"Forget diets, detoxes and fads and instead concentrate on nourishing your body with local, seasonal (and organic if possible) food. Invest in good quality ingredients. Check out farmers’ markets where you can buy the freshest ingredients at a good price and spend time chatting to the producers. They can give you ideas of how to prep your purchases, which important as you become much more involved in the preparation of your food and gain a much deeper connection to your plate."


"A healthy approach to eating well involves giving ourselves permission to enjoy the things we love - in moderation. Being a nutrition perfectionist is neither realistic nor fun and just makes us miserable. You can have your cake and eat it - just not every day. The most important thing about moderation is understanding your triggers. Could they be stress - or boredom? If so, try introducing relaxing activities into your day and using mealtimes as pockets of mindfulness and recovery rather than bolting your food down or checking your phone as you eat. If your triggers are specific cravings, seeing a practitioner such as a nutritional therapist to help you manage the physical side or an acupuncturist for more energetic alignment can help."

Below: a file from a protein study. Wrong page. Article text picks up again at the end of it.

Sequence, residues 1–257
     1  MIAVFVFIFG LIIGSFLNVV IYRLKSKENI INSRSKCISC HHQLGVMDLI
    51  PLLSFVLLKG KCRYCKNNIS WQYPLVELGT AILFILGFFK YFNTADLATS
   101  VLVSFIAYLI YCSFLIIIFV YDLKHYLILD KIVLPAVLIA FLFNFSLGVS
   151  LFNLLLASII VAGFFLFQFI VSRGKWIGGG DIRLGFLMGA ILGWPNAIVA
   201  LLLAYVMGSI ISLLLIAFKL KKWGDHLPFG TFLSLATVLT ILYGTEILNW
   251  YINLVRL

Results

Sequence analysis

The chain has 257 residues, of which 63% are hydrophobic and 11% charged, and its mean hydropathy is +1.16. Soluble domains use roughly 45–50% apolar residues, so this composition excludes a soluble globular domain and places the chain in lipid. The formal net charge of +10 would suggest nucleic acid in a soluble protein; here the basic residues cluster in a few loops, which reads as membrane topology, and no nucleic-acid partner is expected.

Find Eve at and @evekalinik. Eve’s book ‘Eat Well: How To Have A Healthier Happier Digestion’ is out August 2017 and available to pre-order. Follow Victoria @vwyoga.